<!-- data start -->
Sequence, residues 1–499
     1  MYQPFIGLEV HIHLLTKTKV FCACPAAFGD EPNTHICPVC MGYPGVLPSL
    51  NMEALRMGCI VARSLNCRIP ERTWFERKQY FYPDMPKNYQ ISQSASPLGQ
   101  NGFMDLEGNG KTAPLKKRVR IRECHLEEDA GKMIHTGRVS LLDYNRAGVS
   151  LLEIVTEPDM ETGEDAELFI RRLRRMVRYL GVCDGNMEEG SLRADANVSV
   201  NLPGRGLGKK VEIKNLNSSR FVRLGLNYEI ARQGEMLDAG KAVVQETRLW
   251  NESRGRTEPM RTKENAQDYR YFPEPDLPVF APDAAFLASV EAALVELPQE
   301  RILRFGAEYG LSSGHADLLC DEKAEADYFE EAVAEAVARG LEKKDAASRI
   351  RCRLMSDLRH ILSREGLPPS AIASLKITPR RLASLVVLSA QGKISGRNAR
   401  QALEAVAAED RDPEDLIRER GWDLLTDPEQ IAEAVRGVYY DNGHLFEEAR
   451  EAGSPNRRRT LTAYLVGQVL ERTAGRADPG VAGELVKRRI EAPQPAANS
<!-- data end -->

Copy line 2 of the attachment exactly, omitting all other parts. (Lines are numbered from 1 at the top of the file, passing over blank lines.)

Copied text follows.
     1  MYQPFIGLEV HIHLLTKTKV FCACPAAFGD EPNTHICPVC MGYPGVLPSL